about the eyesockets as you imagine a lighthouse-keeper's face ought to
look. "I want some poison," she said.
"Yes, Miss Emily. What kind? For rats and such? I'd recom--"
"I want the best you have. I don't care what kind."
The druggist named several. "They'll kill anything up to an elephant. But
what you want is--"
"Arsenic," Miss Emily said. "Is that a good one?"
"Is . . . arsenic? Yes, ma'am. But what you want--"
"I want arsenic."
The druggist looked down at her. She looked back at him, erect, her face
like a strained flag. "Why, of course," the druggist said. "If that's what you
want. But the law requires you to tell what you are going to use it for."
Miss Emily just stared at him, her head tilted back in order to look him
eye for eye, until he looked away and went and got the arsenic and
wrapped it up. The Negro delivery boy brought her the package; the
druggist didn't come back. When she opened the package at home there
was written on the box, under the skull and bones: "For rats."
So THE NEXT day we all said, "She will kill herself"; and we said it would
be the best thing. When she had first begun to be seen with Homer
Barron, we had said, "She will marry him." Then we said, "She will
persuade him yet," because Homer himself had remarked--he liked men,
and it was known that he drank with the younger men in the Elks' Club--
that he was not a marrying man. Later we said, "Poor Emily" behind the
jalousies as they passed on Sunday afternoon in the glittering buggy,
Miss Emily with her head high and Homer Barron with his hat cocked and
a cigar in his teeth, reins and whip in a yellow glove.
Then some of the ladies began to say that it was a disgrace to the town
and a bad example to the young people. The men did not want to
interfere, but at last the ladies forced the Baptist minister--Miss Emily's
people were Episcopal-- to call upon her. He would never divulge what
happened during that interview, but he refused to go back again. The
next Sunday they again drove about the streets, and the following day the
minister's wife wrote to Miss Emily's relations in Alabama.
So she had blood-kin under her roof again and we sat back to watch
developments. At first nothing happened. Then we were sure that they
were to be married. We learned that Miss Emily had been to the jeweler's
and ordered a man's toilet set in silver, with the letters H. B. on each
piece. Two days later we learned that she had bought a complete outfit of
men's clothing, including a nightshirt, and we said, "They are married."
We were really glad. We were glad because the two female cousins were
even more Grierson than Miss Emily had ever been.
So we were not surprised when Homer Barron--the streets had been
finished some time since--was gone. We were a little disappointed that
there was not a public blowing-off, but we believed that he had gone on
to prepare for Miss Emily's coming, or to give her a chance to get rid of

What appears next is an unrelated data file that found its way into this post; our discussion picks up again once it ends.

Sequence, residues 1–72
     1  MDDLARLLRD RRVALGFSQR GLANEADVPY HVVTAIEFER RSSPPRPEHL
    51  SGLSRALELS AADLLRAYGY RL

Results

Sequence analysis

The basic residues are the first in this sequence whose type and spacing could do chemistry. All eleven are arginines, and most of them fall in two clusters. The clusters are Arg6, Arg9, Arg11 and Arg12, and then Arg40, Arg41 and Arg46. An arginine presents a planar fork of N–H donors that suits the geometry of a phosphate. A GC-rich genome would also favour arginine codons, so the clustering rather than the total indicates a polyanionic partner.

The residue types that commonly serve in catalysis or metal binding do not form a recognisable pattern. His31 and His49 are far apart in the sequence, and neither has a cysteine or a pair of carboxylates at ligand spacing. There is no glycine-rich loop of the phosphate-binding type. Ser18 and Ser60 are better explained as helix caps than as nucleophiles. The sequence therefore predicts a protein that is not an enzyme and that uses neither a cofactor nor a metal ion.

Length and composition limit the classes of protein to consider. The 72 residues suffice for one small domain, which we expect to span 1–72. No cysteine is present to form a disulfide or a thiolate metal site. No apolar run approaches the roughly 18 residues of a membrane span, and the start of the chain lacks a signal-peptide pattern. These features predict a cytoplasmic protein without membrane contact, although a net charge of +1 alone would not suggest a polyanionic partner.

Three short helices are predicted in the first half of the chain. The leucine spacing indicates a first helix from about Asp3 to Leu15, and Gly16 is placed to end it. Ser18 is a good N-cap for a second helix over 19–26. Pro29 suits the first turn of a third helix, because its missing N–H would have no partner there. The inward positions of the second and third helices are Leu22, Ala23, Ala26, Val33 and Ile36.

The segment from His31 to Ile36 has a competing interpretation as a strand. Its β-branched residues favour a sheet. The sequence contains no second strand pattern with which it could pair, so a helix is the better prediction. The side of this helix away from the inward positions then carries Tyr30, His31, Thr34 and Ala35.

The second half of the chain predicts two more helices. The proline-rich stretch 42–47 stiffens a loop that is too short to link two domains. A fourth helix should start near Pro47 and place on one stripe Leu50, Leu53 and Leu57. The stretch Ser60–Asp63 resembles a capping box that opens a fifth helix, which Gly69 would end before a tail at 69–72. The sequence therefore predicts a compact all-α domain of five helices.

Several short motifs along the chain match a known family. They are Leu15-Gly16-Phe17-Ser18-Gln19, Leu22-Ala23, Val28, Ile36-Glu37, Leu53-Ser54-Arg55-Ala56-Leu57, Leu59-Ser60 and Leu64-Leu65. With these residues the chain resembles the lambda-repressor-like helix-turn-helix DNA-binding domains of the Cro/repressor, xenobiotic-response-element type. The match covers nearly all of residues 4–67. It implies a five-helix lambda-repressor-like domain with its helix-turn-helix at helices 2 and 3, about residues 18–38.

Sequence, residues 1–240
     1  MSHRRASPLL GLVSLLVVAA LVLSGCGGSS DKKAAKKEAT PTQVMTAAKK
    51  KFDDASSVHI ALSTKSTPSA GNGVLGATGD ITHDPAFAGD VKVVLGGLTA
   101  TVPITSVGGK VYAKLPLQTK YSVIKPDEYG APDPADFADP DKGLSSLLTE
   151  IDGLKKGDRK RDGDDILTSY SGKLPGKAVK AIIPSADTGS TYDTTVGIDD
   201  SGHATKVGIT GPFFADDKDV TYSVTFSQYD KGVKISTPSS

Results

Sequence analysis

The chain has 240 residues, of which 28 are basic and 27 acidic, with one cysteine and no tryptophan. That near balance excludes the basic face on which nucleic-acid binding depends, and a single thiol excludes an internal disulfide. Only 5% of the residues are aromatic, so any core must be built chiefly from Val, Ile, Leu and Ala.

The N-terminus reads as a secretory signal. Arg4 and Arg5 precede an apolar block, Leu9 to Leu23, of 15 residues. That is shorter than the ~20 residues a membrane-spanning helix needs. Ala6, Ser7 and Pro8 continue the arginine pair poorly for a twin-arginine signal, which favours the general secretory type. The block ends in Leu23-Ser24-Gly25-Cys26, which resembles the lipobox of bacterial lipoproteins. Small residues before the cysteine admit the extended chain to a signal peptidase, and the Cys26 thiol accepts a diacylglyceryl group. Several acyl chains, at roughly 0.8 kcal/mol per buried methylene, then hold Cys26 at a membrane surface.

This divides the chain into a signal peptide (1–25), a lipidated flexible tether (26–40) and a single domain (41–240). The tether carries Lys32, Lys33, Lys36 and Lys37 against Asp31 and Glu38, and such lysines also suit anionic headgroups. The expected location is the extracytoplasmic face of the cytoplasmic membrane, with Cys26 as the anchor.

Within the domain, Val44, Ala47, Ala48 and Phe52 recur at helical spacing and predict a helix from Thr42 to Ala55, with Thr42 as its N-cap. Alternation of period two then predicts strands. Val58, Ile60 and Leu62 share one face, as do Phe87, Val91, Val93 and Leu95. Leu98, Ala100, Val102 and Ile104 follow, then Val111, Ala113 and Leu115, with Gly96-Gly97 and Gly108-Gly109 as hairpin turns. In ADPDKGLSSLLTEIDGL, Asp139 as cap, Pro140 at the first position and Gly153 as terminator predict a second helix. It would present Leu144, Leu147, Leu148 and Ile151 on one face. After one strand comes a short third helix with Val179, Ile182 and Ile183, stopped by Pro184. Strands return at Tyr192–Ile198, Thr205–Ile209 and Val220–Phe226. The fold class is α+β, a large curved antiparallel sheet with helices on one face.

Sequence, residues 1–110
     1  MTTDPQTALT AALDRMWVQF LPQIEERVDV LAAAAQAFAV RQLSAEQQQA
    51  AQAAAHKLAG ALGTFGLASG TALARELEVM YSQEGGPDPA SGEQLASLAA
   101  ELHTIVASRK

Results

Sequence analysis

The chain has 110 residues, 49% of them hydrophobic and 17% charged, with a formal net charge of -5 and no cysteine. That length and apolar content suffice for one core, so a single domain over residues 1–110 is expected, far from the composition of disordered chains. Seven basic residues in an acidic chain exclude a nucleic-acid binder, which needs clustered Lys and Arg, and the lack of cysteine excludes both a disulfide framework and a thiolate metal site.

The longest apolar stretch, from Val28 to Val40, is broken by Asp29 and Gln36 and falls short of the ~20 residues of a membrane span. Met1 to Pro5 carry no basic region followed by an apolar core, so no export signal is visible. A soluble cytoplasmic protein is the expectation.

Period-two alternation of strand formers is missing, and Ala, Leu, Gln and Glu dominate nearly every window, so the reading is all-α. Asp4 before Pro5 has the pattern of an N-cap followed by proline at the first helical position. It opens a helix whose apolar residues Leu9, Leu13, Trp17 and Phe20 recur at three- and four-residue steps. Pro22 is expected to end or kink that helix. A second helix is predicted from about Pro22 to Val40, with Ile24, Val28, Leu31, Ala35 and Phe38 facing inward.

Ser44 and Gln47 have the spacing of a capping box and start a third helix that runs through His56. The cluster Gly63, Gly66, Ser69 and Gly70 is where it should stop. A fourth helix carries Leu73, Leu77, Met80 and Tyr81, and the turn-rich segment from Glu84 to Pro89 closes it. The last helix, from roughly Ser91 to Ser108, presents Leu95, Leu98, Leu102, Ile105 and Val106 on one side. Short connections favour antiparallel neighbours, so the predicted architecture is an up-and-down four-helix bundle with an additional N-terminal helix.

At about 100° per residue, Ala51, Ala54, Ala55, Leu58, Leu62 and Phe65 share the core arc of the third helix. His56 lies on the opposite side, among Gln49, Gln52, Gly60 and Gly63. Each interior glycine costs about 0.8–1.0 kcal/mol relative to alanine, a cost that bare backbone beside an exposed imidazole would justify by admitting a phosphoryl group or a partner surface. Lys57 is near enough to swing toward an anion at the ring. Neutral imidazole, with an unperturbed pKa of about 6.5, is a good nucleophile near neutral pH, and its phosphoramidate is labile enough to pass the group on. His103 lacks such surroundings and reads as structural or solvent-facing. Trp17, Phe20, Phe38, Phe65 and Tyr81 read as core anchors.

the cousins. (By that time it was a cabal, and we were all Miss Emily's
allies to help circumvent the cousins.) Sure enough, after another week
they departed. And, as we had expected all along, within three days
Homer Barron was back in town. A neighbor saw the Negro man admit
him at the kitchen door at dusk one evening.
And that was the last we saw of Homer Barron. And of Miss Emily for
some time. The Negro man went in and out with the market basket, but
the front door remained closed. Now and then we would see her at a
window for a moment, as the men did that night when they sprinkled the
lime, but for almost six months she did not appear on the streets. Then
we knew that this was to be expected too; as if that quality of her father
which had thwarted her woman's life so many times had been too virulent
and too furious to die.
When we next saw Miss Emily, she had grown fat and her hair was turning
gray. During the next few years it grew grayer and grayer until it attained
an even pepper-and-salt iron-gray, when it ceased turning. Up to the day
of her death at seventy-four it was still that vigorous iron-gray, like the
hair of an active man.
From that time on her front door remained closed, save for a period of
six or seven years, when she was about forty, during which she gave
lessons in china-painting. She fitted up a studio in one of the downstairs
rooms, where the daughters and granddaughters of Colonel Sartoris'
contemporaries were sent to her with the same regularity and in the same
spirit that they were sent to church on Sundays with a twenty-five-cent
piece for the collection plate. Meanwhile her taxes had been remitted.
Then the newer generation became the backbone and the spirit of the
town, and the painting pupils grew up and fell away and did not send
their children to her with boxes of color and tedious brushes and pictures
cut from the ladies' magazines. The front door closed upon the last one
and remained closed for good. When the town got free postal delivery,
Miss Emily alone refused to let them fasten the metal numbers above her
door and attach a mailbox to it. She would not listen to them.
Daily, monthly, yearly we watched the Negro grow grayer and more
stooped, going in and out with the market basket. Each December we
sent her a tax notice, which would be returned by the post office a week
later, unclaimed. Now and then we would see her in one of the
downstairs windows--she had evidently shut up the top floor of the
house--like the carven torso of an idol in a niche, looking or not looking
at us, we could never tell which. Thus she passed from generation to
generation--dear, inescapable, impervious, tranquil, and perverse.
And so she died. Fell ill in the house filled with dust and shadows, with